Legal concerns flagged over Mooball re-zoning bid
TWEED Shire Mayor Gary Bagnall has called for the council to seek legal advice on a controversial proposal to rezone an area of Mooball.
Cr Bagnall believes a rescission motion (due at the next meeting) has been preceded by an illegal resolution which called for a number of impact studies to be done after the exhibition of Mooball's rezoning.
Flood Impact, Geotechnical and Slope Stability, Bushfire Hazard and soil contamination studies could be outstanding.
"The question we have asked is if council is at fault for not (ensuring) those studies (are done) before the exhibition, and if Cr (Barry) Longland's resolution in June 2014 to do it after, is illegal and null and void," Cr Bagnall said.
"This is very serious; council is in a bit of bind with it at the moment," he said.
General manager Troy Green said he expected to receive legal advice on the matter by Tuesday.
"The advice is being obtained to ensure that the councillors and the community have complete confidence in the decisions made," he said.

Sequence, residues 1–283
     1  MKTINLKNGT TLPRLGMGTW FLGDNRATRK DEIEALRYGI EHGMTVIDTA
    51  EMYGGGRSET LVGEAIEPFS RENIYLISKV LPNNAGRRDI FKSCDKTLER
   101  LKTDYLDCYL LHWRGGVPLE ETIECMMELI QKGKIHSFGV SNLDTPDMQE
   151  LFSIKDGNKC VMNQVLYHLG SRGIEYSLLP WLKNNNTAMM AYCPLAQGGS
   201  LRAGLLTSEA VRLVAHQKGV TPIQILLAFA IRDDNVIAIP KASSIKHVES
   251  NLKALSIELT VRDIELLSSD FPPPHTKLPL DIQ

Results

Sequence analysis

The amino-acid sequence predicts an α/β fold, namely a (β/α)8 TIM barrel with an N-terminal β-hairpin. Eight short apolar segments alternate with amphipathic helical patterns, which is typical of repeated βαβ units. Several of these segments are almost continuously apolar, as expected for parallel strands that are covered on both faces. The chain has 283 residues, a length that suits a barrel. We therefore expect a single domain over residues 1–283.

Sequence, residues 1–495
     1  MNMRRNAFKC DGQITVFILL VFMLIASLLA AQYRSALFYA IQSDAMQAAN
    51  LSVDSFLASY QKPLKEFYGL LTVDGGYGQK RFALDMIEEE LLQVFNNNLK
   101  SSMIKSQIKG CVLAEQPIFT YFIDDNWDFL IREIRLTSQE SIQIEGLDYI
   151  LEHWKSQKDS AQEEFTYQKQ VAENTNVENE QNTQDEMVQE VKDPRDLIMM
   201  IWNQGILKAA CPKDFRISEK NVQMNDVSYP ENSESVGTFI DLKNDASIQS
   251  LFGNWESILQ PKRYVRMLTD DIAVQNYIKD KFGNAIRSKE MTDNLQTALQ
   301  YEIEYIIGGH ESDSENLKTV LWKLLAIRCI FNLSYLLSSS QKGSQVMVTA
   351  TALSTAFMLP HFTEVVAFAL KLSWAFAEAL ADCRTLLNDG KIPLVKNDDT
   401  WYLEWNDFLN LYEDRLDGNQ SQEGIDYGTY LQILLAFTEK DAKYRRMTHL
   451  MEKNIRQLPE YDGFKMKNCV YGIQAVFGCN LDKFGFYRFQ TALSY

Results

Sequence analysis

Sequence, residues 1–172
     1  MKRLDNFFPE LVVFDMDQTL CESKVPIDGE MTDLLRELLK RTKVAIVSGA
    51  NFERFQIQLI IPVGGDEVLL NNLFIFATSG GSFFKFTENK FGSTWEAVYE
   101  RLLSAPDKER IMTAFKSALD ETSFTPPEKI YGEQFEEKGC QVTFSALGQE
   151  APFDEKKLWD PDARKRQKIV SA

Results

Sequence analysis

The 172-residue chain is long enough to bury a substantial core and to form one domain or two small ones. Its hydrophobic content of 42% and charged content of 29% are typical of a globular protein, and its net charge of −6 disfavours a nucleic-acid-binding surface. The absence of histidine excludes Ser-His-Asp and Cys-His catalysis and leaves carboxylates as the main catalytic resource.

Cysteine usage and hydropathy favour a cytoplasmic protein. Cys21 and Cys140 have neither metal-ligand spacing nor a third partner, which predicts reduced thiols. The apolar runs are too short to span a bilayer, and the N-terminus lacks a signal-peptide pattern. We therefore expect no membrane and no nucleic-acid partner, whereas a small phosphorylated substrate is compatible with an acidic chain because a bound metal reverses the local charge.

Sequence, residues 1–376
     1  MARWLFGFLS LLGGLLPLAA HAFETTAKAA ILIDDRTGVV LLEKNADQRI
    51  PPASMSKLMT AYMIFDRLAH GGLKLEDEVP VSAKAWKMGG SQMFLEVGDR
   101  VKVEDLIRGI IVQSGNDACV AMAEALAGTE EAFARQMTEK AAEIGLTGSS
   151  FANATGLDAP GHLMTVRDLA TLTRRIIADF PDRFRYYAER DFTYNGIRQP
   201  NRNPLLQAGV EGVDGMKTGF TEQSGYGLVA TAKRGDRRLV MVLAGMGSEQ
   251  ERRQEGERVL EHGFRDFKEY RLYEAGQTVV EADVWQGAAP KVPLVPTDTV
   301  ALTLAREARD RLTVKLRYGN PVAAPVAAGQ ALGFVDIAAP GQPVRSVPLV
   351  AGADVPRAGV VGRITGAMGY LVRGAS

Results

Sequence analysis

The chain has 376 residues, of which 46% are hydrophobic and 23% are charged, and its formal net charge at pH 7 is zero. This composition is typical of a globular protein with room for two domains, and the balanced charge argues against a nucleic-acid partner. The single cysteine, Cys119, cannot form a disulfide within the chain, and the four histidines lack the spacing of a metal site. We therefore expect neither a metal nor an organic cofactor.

A group of Mooball residents against the rezoning met on Saturday to discuss the 22-hectare site, adjoining Mooball-Pottsville Rd, which is proposed to be rezoned to fit 260 lots.
Council staff recommended block sizes be increased to 700sqm, after receiving 33 submissions against the rezoning. But councillors resolved 4-2 on August 6 to approve the smaller blocks.
Tanya Pappin, whose property backs onto the proposed re-zoning site and doubles as a flood drain, was concerned a cumulative flooding impact study had not been done.
"We're not against the development - we just want it done properly," she said.
Mooball Crabbes Creek Drainage Union president Peter Willis, representing eight cane growers, called for a cumulative flood impact study, stating farmer said they stood to lose stock in the event of flood.
Former banana grower of 61 years, Ronald Marshall, said the former banana farm site had "dieldrin, DDT and arsenic" poisons, and called for contamination testing.
But Cr Phil Youngblutt, a foundation member of the Mooball Progress Association, who supported the rezoning, said "there was no reason it shouldn't go ahead".
"When the developer goes ahead with a subdivision development application that is when the testing is done."
Cr Warren Polglase said the area had been earmarked for residential development "for a long time".
It wouldn't be fair on the proponent to have to fork out up to $500,000 for studies, if the rezoning gets knocked back, he said.
After the rezoning, the proponent would have to lodge separate DAs for subdivisions and dwellings, where further studies would be legally required.